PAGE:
WHAT IT MEANS TO BE A SERVICE MEMBER: The point of view from someone currently serving

Sergeant Nicola Balletto (left) as part of an honor guard detail rendering Military Funeral Honors for a veteran.

Our veterans have the advantage of hindsight when it comes to looking back on their time in the military and what it meant. But what does serving mean to someone currently in the armed forces?

Like many of our veterans can undoubtedly relate to, Nicola Balletto – an Arizonan who is now a Sergeant in the U.S. Marine Corps (selected for promotion to Staff Sergeant) – wasn’t sure what she wanted to do with her life when she joined the service. “I wanted to make my family proud and do something challenging,” she relates. “The military, and specifically the Marine Corps, provided just that. It gave me the direction and discipline that I desperately needed.”

Balletto says she wasn’t quite sure what she expected when she joined the military and headed off to Marine Corps Recruit Depot Parris Island for recruit training. “I knew it would be challenging, but I was still very young and just sort of ‘along for the ride,’” she admits. “The reality was that it was challenging – and then some. I have been pushed to limits, both physically and mentally, that I never thought I would encounter before.”

Sergeant Balletto on the range.

Now in her seventh year of service and based at the School of Infantry – East on Camp Geiger (a satellite facility to Marine Corps Base Camp Lejeune in Jacksonville, North Carolina), the 25-year-old Balletto says she’s learned a tremendous amount from her time in the service, and continues to learn more every day. “One of the most important things I’ve learned is independence and problem-solving,” she says. “I make decisions every day that affect many more than just me. That is something I don’t believe I would have learned outside of the military – at least not at my age.”

Like many veterans before her, to Balletto, being a service member means giving up your time and comfort to serve something greater than all of us. When the nation needs them, she and her fellow service members are ready to answer the call, leaving behind loved ones, routines and relative safety for countless unknowns.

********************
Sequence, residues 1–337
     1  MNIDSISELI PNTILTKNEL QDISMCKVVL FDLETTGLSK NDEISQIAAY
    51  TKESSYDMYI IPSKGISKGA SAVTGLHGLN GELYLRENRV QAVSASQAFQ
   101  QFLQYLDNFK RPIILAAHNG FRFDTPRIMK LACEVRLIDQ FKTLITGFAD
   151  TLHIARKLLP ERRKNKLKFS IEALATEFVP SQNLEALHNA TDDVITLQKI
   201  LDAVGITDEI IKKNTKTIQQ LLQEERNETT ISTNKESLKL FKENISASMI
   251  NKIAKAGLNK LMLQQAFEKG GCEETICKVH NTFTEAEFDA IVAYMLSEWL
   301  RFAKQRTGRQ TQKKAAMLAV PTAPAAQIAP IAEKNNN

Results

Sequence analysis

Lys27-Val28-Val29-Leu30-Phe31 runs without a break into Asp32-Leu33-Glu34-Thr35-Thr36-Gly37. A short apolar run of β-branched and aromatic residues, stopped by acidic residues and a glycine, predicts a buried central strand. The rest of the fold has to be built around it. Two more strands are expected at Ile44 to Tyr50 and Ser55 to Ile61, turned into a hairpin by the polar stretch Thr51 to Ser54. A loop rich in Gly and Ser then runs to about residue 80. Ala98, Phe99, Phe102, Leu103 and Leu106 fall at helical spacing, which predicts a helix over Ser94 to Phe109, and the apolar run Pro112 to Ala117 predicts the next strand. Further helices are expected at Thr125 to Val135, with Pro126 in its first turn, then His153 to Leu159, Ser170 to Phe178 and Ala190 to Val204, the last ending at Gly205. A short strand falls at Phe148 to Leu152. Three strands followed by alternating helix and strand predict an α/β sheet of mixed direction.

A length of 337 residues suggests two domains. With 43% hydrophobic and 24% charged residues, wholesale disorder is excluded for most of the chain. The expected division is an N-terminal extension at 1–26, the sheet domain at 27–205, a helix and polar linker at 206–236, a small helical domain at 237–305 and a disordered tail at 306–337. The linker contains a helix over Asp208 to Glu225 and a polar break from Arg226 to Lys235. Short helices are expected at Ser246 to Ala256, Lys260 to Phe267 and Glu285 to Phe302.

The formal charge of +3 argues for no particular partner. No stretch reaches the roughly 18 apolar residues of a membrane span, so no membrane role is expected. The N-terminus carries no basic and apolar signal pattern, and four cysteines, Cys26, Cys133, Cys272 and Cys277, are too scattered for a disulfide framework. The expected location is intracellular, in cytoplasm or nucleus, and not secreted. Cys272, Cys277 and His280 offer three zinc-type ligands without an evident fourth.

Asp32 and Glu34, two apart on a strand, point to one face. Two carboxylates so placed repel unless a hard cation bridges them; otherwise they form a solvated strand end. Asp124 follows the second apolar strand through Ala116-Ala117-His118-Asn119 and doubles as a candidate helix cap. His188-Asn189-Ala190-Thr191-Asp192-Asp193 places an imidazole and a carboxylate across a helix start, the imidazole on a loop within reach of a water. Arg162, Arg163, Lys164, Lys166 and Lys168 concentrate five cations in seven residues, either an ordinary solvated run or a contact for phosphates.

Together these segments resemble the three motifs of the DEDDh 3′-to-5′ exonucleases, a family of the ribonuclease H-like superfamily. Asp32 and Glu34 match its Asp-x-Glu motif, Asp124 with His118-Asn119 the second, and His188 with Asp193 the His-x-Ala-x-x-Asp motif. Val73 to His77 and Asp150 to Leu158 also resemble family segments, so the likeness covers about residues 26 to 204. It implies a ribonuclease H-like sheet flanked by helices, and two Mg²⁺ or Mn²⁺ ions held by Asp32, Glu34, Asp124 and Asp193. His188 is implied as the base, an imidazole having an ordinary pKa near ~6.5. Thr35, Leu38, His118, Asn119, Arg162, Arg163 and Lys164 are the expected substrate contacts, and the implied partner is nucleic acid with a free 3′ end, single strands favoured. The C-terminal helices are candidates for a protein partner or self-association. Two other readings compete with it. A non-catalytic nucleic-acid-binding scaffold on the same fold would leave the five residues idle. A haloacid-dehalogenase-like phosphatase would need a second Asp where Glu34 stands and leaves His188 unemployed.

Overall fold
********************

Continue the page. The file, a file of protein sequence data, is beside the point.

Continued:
Balletto says she would advise anyone considering being in the military to seek out options between the various branches to make sure they get the MOS (military occupational specialty) they find most alluring. “Whether you do ‘four and out’ or stay in 20+ years,” she says, “it’s important to make sure you’re doing something you enjoy. Being in the military is by no means a walk in the park, but it is absolutely rewarding. Prepare for many highs and equal lows, but joining the military is something I do not regret.”

As Veterans Day approaches, Balletto knows first-hand how important it is to honor them – not only on this day, but at all times. “Our veterans give up countless privileges and luxuries in order to help protect our country ‘from all enemies, foreign and domestic,’” she points out. “Veterans sacrifice during and after their service so that others don’t have to. They miss birthdays, anniversaries, holidays, and countless ‘firsts,’ just so we can sleep soundly. I’m honored to travel the path that has been paved for me by those who came before me – and I am so thankful for my fellow veterans.”


Join us in honoring our veterans at this year’s Phoenix Veterans Day Parade, Saturday, Nov. 11, at 11 a.m. in downtown Phoenix. For all you need to know about the parade, click HERE.

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